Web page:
Black rotBacteriaYellow, V-shape areas on leaf edges that brown and progress toward leaf center; leaves eventually collapse; stem cross sections reveal blackened veinsDestroy infected plants; choose resistant varieties; provide good drainage; remove plant debris; rotate crops
Cabbage root maggotsInsectWilted/stunted plants; off-color leaves; larvae feeding on rootsUse collars around seedling stems; monitor adults with yellow sticky traps; use row covers; destroy crop residue; till soil in fall; rotate crops
ClubrootFungusWilted/stunted plants; yellow leaves; roots appear swollen/distortedDestroy infected plants; solarize soil; maintain soil pH of around 7.2; disinfect tools; rotate crops
Flea beetlesInsectNumerous tiny holes in leavesUse row covers; mulch heavily; add native plants to invite beneficial insects
Root-knot nematodesNematodeRoots “knotty” or galled; plants stunted/yellow/wilted; roots forked/pimpledDestroy crop residue, including roots; choose resistant varieties; solarize soil; add aged manure/compost; disinfect tools; till in autumn; rotate crops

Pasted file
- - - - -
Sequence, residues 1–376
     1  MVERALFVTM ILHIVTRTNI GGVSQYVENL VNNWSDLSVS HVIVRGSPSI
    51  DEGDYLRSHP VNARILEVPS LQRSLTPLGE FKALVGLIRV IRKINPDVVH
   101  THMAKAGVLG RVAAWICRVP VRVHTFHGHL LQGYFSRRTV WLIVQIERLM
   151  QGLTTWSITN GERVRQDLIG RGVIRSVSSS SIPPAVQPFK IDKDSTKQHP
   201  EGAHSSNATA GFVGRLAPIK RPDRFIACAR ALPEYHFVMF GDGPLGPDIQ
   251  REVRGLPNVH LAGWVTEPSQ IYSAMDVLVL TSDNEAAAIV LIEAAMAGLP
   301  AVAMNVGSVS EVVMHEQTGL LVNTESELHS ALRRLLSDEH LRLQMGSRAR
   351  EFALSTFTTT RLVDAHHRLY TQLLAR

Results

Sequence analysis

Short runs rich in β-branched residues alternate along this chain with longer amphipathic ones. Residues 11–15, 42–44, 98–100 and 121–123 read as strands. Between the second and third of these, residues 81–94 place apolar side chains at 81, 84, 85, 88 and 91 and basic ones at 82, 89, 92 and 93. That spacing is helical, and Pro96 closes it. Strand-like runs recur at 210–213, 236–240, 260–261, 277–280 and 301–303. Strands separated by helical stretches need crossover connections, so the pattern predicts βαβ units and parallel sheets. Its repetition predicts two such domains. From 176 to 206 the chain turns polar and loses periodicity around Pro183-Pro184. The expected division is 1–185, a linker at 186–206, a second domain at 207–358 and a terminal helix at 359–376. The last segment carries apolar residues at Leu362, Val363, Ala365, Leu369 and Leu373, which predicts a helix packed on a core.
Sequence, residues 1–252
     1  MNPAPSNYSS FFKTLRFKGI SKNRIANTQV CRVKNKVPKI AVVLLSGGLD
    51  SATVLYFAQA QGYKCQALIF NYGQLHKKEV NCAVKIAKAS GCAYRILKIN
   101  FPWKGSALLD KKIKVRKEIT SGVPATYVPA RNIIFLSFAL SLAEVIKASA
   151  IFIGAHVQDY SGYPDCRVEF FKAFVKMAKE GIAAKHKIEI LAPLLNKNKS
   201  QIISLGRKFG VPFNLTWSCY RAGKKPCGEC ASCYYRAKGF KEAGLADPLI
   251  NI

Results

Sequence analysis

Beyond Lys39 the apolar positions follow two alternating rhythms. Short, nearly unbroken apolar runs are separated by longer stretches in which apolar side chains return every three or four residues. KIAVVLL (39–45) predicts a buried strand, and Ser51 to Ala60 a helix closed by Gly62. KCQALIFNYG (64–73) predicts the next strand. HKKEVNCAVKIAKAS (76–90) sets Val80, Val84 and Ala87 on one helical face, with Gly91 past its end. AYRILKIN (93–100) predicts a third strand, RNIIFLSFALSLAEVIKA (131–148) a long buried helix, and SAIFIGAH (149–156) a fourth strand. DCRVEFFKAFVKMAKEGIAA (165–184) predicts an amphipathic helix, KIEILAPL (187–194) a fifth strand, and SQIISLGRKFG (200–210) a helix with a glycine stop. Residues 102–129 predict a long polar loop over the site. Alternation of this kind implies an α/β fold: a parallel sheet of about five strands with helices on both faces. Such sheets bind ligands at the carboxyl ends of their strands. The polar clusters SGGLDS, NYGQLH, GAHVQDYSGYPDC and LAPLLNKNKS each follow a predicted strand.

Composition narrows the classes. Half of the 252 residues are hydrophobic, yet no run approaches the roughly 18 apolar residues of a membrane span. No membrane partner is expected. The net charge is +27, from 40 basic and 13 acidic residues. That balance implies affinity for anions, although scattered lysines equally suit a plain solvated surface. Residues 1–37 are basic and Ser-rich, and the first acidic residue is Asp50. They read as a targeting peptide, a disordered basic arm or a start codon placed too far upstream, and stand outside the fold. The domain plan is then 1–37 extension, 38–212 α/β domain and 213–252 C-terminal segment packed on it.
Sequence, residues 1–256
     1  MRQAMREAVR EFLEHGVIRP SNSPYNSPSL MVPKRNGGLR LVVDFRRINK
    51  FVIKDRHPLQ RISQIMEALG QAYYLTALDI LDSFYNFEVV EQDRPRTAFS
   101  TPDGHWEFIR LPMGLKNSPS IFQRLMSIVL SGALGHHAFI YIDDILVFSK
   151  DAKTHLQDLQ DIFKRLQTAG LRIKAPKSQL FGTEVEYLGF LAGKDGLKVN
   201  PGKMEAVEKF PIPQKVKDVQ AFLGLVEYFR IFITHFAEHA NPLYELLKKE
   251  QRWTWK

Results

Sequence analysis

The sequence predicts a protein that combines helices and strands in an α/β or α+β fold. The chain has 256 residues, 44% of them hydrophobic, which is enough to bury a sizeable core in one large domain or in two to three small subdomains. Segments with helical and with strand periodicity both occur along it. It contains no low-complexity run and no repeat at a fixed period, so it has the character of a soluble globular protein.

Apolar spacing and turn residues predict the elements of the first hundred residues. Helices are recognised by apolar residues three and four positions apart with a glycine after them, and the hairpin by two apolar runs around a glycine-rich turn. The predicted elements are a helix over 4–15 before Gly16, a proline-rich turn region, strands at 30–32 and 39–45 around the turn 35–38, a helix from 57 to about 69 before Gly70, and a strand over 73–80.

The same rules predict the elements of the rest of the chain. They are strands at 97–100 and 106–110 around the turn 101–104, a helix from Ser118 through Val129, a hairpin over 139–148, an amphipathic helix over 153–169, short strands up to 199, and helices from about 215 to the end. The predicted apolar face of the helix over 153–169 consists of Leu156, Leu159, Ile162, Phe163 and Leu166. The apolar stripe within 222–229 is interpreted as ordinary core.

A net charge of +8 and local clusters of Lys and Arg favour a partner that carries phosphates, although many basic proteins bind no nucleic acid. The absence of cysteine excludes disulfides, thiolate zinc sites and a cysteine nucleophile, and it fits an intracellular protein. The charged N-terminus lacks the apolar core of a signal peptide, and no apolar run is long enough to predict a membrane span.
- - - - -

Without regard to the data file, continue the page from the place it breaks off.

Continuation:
White rustFungusChalk-white blisters mainly on leaf undersides; small, yellow-green spots or blisters, sometimes in circular arrangement, on upper leaf surfaces; possible distortion or gallsDestroy infected plants; choose resistant varieties; weed; destroy crop residue; rotate crops
WirewormsInsectSeeds hollowed; seedlings severed; stunting/wilting; roots eaten/boredTrap by digging 2- to 4-inch-deep holes every 3 to 10 feet, fill with mix of germinating beans/corn/peas or potato sections as bait, cover with soil or a board, in 1 week uncover and kill collected wireworms; sow seeds in warm soil for quick germination; provide good drainage; remove plant debris; rotate crops

Cooking Notes

A good roast or soups are the most common ways to eat rutabagas or swedes. Many folks also mash rutabaga, often with potatoes sweet potatoes or even carrots. Just cut one peeled rutabaga into cubes and add two tablespoons of butter and milk, and season with salt and pepper.

For a more exciting dish, try this casserole, standard in some Scandinavian countries. Take the above-mashed rutabaga, mix in couple of tablespoons of molasses, a half teaspoon of nutmeg, 1 beaten egg, and 2 tablespoons of bread crumbs. Bake in a casserole dish at 350° for 30 minutes.

Rutabaga mixes well with fruits such as apple and pear and raisin. Try cooking the rutabaga (cut into cubes) until fork-tender. Add grated or thinly sliced apples, some sugar, cloves, salt, and cinnamon sticks. Throw in some raisins, too, remove the cinnamon sticks, and serve.

About The Author

Catherine Boeckmann

Catherine Boeckmann loves nature, stargazing, and gardening so it’s not surprising that she and The Old Farmer’s Almanac found each other. She leads digital content for the Almanac website, and is also a certified master gardener in the state of Indiana. Read More from Catherine Boeckmann